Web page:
Research produced by global property consultancy Knight Frank and law firm Irwin Mitchell claims that councils across England are underprepared to provide suitable housing for seniors. By 2037, it is forecast that one in four people in the country will be over 65.

The research has identified 10 opportunity areas ripe for development of seniors’ housing across England. Knight Frank and Irwin Mitchell state they have distinguished areas where there is potential for senior living to develop, as well as those areas where local factors are creating a barrier to progress. 

Lauren Harwood, head of senior living research at Knight Frank says: “This research is released against a backdrop of the Covid-19 pandemic, which has placed a particular spotlight on people in their later life. This has made it clear there is a need for local authorities to put plans in place to ensure there is a suitable, age-appropriate choice of housing for seniors.

“There is currently a huge supply and demand imbalance of senior housing in England, which is widening amidst a growing and ageing population. It is vital to increase the provision of seniors housing. This is part of the solution to create more capacity in the social care system while also supporting the wider housing market. With that in mind, it is crucial that developers understand where the opportunities are, and how they can access these to help meet the needs of our seniors.”

Key findings of the survey are:

  • Very few large cities appear to be close to addressing the challenges posed by housing an ageing population. Many major cities are a ‘D’ rating – including Birmingham, Bristol, Derby, Leicester, Oxford, Sheffield and Southampton. Leeds is an exception – it has an A rating for planning and performs well in the overall opportunity rankings also.
  • London is increasingly becoming an ageing city and London boroughs exclusively make up the nation’s top 10 ageing local authorities. Its 65-plus population is due to increase by 32% between 2017 and 2029. Despite this, London is underperforming when it comes to delivering housing for its senior citizens, with 22 boroughs currently holding a planning score of ‘D’. While the new draft London Plan recognises the importance of the sector, its record on delivery has been poor. In the first three full years of the plan (2017-2019 inclusive) just over 700 senior living homes per annum were delivered (totalling 2,100 units), compared to the target of 4,115 units per annum (12,345 units over the three-year period).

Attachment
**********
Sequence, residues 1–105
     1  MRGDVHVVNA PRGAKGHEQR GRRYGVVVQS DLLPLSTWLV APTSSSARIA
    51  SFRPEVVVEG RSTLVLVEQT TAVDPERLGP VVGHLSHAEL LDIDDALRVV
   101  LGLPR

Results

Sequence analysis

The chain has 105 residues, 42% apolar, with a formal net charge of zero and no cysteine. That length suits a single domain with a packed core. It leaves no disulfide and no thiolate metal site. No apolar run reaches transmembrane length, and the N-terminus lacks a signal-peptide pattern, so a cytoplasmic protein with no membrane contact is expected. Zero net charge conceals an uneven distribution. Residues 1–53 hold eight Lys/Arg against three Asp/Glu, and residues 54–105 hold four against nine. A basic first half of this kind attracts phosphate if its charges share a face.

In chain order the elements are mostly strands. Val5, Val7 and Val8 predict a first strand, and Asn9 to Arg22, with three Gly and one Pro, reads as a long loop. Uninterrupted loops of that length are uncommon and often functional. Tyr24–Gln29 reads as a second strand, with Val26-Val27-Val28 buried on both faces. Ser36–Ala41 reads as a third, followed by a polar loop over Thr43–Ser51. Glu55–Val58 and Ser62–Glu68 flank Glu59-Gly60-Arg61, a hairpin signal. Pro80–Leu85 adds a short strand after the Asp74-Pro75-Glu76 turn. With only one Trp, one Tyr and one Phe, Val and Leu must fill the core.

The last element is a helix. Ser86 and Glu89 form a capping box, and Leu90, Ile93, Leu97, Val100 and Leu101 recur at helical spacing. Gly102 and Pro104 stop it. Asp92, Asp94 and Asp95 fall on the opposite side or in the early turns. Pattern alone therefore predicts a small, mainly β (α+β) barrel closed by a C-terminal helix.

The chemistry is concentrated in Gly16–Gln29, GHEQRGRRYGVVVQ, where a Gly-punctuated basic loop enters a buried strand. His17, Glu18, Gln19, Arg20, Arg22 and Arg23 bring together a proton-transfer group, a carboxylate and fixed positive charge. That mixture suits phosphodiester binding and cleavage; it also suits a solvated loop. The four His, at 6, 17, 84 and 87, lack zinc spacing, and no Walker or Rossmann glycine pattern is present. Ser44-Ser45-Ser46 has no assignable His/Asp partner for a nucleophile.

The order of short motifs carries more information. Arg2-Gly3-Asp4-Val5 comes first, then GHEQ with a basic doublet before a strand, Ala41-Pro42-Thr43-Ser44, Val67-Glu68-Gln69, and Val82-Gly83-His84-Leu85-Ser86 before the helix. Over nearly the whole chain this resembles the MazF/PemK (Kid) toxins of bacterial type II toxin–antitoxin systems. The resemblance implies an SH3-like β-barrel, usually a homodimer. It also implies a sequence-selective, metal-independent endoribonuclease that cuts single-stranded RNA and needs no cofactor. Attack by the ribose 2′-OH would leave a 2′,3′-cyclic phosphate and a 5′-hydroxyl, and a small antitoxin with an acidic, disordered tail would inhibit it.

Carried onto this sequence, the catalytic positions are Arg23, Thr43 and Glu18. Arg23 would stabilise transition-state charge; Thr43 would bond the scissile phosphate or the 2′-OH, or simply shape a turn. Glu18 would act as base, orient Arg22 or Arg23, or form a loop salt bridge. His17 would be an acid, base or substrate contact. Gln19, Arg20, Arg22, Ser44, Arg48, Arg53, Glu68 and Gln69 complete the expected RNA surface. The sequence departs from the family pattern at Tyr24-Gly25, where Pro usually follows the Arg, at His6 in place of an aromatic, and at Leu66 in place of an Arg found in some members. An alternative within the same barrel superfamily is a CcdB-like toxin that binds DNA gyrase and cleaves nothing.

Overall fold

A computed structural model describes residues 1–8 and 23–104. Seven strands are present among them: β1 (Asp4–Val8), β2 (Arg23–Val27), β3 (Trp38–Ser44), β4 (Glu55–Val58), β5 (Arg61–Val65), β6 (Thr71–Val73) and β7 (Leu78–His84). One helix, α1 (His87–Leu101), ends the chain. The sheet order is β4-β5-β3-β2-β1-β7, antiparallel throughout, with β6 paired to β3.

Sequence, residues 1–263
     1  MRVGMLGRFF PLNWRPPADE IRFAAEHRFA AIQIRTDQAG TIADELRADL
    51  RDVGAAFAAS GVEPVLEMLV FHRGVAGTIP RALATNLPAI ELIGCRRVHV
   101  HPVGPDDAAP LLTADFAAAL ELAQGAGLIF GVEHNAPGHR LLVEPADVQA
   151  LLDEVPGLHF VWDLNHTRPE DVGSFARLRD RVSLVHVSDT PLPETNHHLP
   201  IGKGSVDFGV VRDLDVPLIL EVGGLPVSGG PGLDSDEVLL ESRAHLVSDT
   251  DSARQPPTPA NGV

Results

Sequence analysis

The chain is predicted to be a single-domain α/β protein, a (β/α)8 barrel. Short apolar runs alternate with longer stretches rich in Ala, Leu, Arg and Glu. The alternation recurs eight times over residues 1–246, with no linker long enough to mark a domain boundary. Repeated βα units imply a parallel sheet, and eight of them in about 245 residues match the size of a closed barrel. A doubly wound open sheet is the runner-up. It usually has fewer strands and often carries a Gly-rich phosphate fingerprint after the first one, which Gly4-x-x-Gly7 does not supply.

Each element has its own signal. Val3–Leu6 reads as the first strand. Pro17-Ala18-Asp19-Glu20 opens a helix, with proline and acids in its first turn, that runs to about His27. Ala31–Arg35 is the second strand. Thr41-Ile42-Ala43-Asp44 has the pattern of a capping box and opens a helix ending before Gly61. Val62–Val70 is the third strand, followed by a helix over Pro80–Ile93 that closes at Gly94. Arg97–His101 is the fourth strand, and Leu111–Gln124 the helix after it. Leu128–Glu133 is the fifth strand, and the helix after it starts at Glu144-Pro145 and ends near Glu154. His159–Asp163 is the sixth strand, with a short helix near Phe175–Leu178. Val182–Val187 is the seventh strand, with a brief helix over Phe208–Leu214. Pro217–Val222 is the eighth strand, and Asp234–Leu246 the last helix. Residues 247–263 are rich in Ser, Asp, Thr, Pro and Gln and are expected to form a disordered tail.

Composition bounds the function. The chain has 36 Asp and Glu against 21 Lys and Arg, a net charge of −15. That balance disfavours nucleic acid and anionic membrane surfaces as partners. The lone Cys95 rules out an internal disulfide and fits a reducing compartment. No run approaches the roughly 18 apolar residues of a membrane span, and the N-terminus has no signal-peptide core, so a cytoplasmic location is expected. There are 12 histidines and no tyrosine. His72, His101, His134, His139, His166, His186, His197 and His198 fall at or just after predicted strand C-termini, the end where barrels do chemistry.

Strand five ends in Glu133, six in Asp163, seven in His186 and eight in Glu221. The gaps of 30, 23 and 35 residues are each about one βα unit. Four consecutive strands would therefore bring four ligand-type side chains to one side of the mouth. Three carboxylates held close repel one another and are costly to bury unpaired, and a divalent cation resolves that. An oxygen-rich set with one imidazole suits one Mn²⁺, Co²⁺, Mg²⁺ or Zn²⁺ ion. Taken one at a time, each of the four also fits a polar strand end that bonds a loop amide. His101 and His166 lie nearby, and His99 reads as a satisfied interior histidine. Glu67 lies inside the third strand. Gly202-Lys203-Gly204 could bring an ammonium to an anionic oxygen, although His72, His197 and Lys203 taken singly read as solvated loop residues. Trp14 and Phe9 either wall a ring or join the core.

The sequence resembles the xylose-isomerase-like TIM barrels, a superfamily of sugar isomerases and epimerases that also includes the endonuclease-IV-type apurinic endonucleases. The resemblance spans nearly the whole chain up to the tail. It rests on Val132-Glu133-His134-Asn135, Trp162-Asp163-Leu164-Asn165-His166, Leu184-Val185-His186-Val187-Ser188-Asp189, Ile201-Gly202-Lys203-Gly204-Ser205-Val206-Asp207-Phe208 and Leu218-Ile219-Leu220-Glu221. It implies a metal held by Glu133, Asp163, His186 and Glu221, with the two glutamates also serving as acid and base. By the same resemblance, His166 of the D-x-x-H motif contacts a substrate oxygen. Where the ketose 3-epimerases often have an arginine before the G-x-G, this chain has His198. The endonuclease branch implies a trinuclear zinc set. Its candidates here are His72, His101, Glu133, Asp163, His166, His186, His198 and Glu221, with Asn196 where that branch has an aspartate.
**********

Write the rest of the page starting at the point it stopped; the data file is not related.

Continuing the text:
• Analysis highlights there are opportunity areas, particularly within the Southwest corridor of London, where there is potential for significant growth. Currently these boroughs perform relatively poorly in the planning score, but nonetheless have other factors firmly in their favour.
  • There are also some boroughs bucking the trend in London. Camden scored highest out of the London boroughs, and second overall in the overall opportunity score for private delivery. Camden has a specific policy supporting seniors housing. Its local plan makes clear affordable housing is likely to be sought with a flexible approach to the scale and location, and residential CIL charging rates apply.
  • Birmingham has a projected growth rate of 22%, and an existing 65-plus population of 150,000 individuals will increase to 183,000 by 2034. Birmingham has the potential to perform much better, but in line with other large cities, its adopted planning policies do not prioritise senior living. Birmingham has no housing allocation, no policies supporting delivery, affordable housing is levied on C2 development and there are no CIL benefits compared with residential development. Since 2010, there has been an average annual delivery of 208 senior living units across the local authority, with no schemes delivered since 2018. Without a change in policy, the survey warns that the city will not meet the needs of its ageing demographic’s housing requirements.
  • By contrast Cheshire West and Chester is a ‘best in class’ local authority, having an allocation for seniors’ housing, a supportive policy environment, a clear position on affordable housing and CIL requirements for C2 use. It is also the only authority to appear in the top 20 opportunity areas for both private and affordable operators.

Date published: July 17, 2020

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